- 1812 built-in cupboard, chimney pieces and hardwood flooring all survive
- 1870s: Brick two storey link section between original cottage and 1812 addition. Iron roof replaced shingles.
- 1970s: Removal of internal brick wall in original cottage. Rebuilding of brick wall north east elevation. Concrete verandah along north west elevation. Iron roof over stone flagging south east elevation, kitchen, bathrooms and laundry in link section.
- 1970s the nine acre highland farm was subdivided alienating the surviving outbuildings and landscape features.
- by 1978 the barn, hayshed, coach house, servants sheds and horse mill were all demolished
The homestead on Dights Hill is a rare survivor, largely dating from the first quarter century of the colony. It is a substantially intact example of early building materials and techniques. It is a harmonious feature of the landscape which provides evidence of having set the example to establish the safe accommodation on the highlands out of reach of the flood waters of the Hawkesbury River. Documentary records and physical evidence support the educational and research potential of Dights Hill and the archaeological resource of an early farm complex. Well documented associations with exploration, pastoralism and prominent historical figures have attracted both local and overseas visitors with an interest in early Australian history to the site. These outstanding factors contribute to the exceptionally high significance of this item of National heritage.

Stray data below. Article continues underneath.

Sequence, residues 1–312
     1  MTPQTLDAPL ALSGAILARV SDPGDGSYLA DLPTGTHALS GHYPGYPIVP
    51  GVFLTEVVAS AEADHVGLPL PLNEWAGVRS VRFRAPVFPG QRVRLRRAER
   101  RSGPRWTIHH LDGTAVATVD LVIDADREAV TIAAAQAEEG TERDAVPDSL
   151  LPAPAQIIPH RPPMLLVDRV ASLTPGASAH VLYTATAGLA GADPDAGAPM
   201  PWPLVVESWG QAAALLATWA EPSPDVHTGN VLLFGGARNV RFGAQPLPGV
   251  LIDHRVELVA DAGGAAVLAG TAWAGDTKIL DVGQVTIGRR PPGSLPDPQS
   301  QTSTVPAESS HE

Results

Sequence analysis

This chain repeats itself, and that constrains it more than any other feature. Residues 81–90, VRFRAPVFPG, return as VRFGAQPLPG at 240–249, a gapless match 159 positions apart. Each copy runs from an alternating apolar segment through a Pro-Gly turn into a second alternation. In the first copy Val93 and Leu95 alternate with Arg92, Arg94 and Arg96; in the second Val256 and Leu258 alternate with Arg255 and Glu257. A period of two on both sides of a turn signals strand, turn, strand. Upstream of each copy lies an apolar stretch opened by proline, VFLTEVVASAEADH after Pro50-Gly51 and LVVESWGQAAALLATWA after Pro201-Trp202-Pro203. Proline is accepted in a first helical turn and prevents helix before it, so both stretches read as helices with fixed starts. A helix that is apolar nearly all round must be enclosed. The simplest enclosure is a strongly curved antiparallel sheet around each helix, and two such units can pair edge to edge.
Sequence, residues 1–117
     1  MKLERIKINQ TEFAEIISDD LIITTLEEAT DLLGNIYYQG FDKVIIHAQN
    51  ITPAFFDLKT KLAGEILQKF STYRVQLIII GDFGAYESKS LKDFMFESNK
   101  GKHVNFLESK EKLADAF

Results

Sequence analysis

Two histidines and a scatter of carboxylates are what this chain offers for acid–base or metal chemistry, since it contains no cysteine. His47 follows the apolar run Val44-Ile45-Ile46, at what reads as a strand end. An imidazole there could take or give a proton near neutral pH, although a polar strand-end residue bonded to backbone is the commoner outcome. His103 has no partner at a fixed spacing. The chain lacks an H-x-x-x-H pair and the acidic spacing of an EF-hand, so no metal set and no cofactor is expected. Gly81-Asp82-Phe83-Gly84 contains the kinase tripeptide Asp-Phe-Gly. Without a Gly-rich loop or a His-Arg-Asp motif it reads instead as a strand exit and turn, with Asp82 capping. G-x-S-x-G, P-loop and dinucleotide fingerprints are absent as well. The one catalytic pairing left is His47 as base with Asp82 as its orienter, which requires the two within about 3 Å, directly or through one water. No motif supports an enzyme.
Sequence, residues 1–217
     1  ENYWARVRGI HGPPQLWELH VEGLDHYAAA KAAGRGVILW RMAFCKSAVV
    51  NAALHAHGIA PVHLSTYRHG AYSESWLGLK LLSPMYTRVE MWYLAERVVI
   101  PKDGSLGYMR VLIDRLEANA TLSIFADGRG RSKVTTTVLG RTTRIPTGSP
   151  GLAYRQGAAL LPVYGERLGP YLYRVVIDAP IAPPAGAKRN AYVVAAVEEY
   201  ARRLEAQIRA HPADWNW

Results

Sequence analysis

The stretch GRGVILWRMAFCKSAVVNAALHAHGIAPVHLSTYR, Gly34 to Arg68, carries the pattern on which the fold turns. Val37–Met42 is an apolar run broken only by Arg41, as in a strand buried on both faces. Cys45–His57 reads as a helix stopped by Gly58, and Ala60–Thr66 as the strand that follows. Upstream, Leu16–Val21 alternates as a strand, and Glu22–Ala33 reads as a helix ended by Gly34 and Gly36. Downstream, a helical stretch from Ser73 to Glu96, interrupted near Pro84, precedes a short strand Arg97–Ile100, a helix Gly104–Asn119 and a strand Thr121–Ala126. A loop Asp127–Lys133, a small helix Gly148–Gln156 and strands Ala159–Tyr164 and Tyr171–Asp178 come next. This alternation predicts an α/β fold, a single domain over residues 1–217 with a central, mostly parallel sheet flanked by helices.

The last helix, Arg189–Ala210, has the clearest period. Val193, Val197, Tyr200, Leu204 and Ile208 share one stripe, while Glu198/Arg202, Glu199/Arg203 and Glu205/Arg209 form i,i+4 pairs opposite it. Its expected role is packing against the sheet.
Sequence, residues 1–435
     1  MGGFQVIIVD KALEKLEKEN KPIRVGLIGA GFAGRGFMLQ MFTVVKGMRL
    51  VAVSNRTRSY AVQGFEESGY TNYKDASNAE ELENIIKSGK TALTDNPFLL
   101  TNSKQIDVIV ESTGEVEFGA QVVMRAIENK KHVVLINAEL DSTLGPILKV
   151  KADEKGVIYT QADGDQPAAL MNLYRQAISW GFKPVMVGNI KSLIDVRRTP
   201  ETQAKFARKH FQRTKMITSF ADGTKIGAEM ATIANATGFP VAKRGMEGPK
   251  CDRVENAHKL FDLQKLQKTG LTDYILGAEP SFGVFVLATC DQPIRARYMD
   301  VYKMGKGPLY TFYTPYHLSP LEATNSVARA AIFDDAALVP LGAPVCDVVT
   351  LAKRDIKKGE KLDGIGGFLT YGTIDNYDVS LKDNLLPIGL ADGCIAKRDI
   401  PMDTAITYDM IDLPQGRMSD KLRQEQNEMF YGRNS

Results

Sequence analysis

The place is important in demonstrating the course, or pattern, of cultural or natural history in New South Wales.
The item is historically significant because John Dight was one of the early Colony's most respected free settlers. The establishment of his farm complex on the highlands pre-dated Governor Macquaries edict of 1810 which required the settlers to provide flood free accommodation for themselves and their stock etc.
The place has a strong or special association with a person, or group of persons, of importance of cultural or natural history of New South Wales's history.